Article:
Home Music Hayley Williams: FLOWERS for VASES / descansos

Hayley Williams: FLOWERS for VASES / descansos

On her second solo album, FLOWERS for VASES / descansos, Paramore lead singer Hayley Williams likens a breakup to an amputation, skeletal starvation and cardiac arrest. The idea of describing the death of a relationship with grotesque anatomical imagery is a captivating one, and Williams presents this theme over a spectrum of sonic backgrounds ranging from bedroom folk songs to intensely cinematic pieces. The result is an inconsistent album that soars when operating on either end of this spectrum but too often rests comfortably and forgettably between raw emotion and immersive production.

Opener “First Think To Go” teases a DIY quarantine record with its bare acoustic strumming and vulnerable opening lyrics: “The first thing to go was the sound of his voice.” As Hayley mourns her lost relationship, however, quiet backing vocals, a tight drumbeat and sparse piano notes join without really adding anything of emotional substance. If anything, the pristine production takes away from the messy post-breakup grief that Williams is trying to convey.

“Asystole” suffers from similarly uneventful instrumental additions as its piano and bass lines drown out the powerful contrast between harsh images of cardiac arrest and Hayley’s acoustic strumming and tapping. A stunning outro of swirling vocals and cloudy piano further reveals Williams’ creative struggle here as she’s pulled in opposite directions by the vulnerability of acoustic performance and the intense emotion of dramatic production.

Perhaps the biggest offender of this lack of commitment to a sonic direction is the following “Trigger.” Hayley makes an admirable and resonant reflection on a toxic relationship in which she has the illusion of control, singing “I got the trigger but you hold the gun.” Disappointingly though, the song doesn’t go anywhere, staying in that middling space of subtle ambient production behind tame folk pop tropes recalling when Mumford and Sons went alt-rock.

FLOWERS slowly begins to find its footing in its second act as “Good Grief” introduces a darker tone. Hayley sings “Haven’t eaten in three weeks/ Skin and bones when you’re not near me/ I’m all skeleton and melody” over mournful strumming and ghostly backing vocals. “Wait On” follows, a masterfully written folk song with tender fingerpicking and an unsettling depiction of a bird plucking its own feathers for someone else. Equally impressive is the reminiscent “Inordinary,” on which Williams reflects on her childhood and the beauty of the ordinary over a captivatingly simple and melancholy acoustic melody. A distorted outro of glitchy vocals and heavy bass pulls Hayley back to the present.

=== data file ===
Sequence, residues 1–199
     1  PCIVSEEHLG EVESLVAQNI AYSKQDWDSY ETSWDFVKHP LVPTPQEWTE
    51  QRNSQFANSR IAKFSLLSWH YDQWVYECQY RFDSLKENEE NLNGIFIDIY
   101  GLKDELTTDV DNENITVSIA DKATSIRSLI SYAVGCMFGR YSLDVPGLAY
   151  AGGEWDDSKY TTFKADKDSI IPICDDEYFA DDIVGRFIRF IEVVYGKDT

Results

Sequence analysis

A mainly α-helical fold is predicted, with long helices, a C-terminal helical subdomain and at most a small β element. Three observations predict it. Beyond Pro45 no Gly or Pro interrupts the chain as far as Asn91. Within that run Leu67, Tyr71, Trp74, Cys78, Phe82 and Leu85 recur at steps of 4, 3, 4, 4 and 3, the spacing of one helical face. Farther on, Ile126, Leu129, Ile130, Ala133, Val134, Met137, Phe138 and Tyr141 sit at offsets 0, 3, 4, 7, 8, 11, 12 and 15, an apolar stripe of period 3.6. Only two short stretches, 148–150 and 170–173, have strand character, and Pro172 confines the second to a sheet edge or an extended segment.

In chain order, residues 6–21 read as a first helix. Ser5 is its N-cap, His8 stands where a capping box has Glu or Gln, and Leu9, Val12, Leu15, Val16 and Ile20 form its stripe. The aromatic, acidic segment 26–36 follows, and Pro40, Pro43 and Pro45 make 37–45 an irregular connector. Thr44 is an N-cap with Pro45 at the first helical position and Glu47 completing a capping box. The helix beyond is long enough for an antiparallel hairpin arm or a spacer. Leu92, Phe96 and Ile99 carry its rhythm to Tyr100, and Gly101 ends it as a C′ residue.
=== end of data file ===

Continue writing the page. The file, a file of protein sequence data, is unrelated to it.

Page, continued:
The album’s hot streak continues with “HYD,” on which Williams creates a vivid picture of isolation as she strums and sings with stark intimacy about the lack of closure after her relationship. Hayley’s simple curiosity about how her ex is doing is made one of the album’s most resonant moments by her choice to perform it raw, unencumbered by anything more than the instruments in her room. FLOWERS is the first album Hayley Williams has written and performed completely on her own, and it shines most when it forgoes over-production to show off her performances and writing.

The record’s third act generally takes a turn towards piano balladry and epic production, most of which hits home now that it’s not held in check by an acoustic base. Hayley gives in to her love on “No Use I Just Do,” admitting defeat to her persisting love after ten songs of trying to move on, and a grave instrumental of electric guitar, piano and indistinct memories of voices leads into an explosive finale. “Just A Lover’s” rock chorus acts as a cathartic release at the end of a record of subdued emotion, and though it’s not as earned of a climax as Phoebe Bridgers’ similarly functioning “I Know The End,” the song still satisfyingly provides a notion of triumph.

FLOWERS for VASES / descansos has plenty of great ideas with more than a few memorable moments, and Hayley Williams has certainly made a positive step towards defining her own sounds as a solo artist following her alternative-worshipping debut Petals For Armor. Though she frequently fails to juggle the vulnerability of acoustic performance with the cinematic drama of heavy production, Williams shows considerably more promise here as a solo artist with devastating lyrics and immersive songwriting, ultimately providing enough to expect great things from her next release.

An inconsistent album that soars when operating on either end of a spectrum that ranges from bedroom folk songs to intensely cinematic pieces.
55 %
Unfocused and vulnerable
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